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Polar bears are marine mammals, and spend much of their time on Arctic sea ice.
They are generally solitary as adults, except during breeding and cub rearing. They seek out maternity dens in October or November. Sows give birth to usually 1 or 2 one-pound cubs and then nurse them until they reach about 20-30 pounds before emerging from the den in March or April. The young are born from November through January while the mothers are hibernating. Cubs will remain with their mothers for a little over 2 years. Polar bears are also strong swimmers, and individuals have been seen in open Arctic waters as far as 200 miles from land, although swimming long distances is not preferred because of the risk it could involve.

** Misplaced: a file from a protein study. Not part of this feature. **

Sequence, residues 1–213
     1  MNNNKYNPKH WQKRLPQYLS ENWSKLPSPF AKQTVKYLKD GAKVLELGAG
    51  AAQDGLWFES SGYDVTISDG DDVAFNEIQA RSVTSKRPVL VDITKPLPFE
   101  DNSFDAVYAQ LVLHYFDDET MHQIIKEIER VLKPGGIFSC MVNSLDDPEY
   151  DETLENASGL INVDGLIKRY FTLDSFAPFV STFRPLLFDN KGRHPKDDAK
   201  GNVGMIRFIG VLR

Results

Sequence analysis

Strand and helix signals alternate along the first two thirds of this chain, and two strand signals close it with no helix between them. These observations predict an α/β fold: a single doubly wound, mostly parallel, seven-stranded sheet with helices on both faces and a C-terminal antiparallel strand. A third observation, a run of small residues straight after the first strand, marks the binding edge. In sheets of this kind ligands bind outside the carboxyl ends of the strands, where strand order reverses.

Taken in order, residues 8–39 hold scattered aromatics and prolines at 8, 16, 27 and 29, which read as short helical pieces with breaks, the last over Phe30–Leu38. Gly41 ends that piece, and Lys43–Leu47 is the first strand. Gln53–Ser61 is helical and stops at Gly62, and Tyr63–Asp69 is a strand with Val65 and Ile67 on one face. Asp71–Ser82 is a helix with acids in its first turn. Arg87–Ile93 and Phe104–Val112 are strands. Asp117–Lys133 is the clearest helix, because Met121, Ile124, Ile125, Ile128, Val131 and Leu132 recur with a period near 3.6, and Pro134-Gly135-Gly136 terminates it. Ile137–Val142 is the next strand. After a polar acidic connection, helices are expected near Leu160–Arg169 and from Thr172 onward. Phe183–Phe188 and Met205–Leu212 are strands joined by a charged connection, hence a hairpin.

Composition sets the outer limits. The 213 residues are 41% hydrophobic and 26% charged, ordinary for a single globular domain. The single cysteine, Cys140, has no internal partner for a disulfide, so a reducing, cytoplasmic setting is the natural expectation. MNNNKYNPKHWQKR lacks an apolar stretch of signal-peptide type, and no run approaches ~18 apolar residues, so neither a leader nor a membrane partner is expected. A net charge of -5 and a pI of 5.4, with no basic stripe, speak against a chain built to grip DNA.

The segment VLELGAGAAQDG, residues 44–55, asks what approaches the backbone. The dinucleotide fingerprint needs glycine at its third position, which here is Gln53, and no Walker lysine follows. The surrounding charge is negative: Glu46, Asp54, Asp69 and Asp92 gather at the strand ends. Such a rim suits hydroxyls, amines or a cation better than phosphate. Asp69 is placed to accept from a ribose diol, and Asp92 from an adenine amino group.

In the wild, polar bears can live from 15 to 18 years. They can live up to 30 years in captivity.
Polar bears spend over 50% of their time hunting for food, but less than 2% of their hunts are successful. They primarily feed on ringed seals and bearded seals. They are also known to eat walrus, beluga whale and bowhead whale carcasses, and birds’ eggs. Polar bears travel great distances in search of prey.
There are between 20,000-25,000 polar bears in the world.
The polar bear is the largest and most carnivorous member of the bear family.
Why are They Endangered
Polar bears are endangered because of ongoing and potential loss of their sea ice habitat resulting from climate change. They rely on sea ice to hunt and store energy for the summer and autumn, when food can be scarce. But now the sea ice is melting earlier and the bears have to spend longer periods without food, causing their health to decline.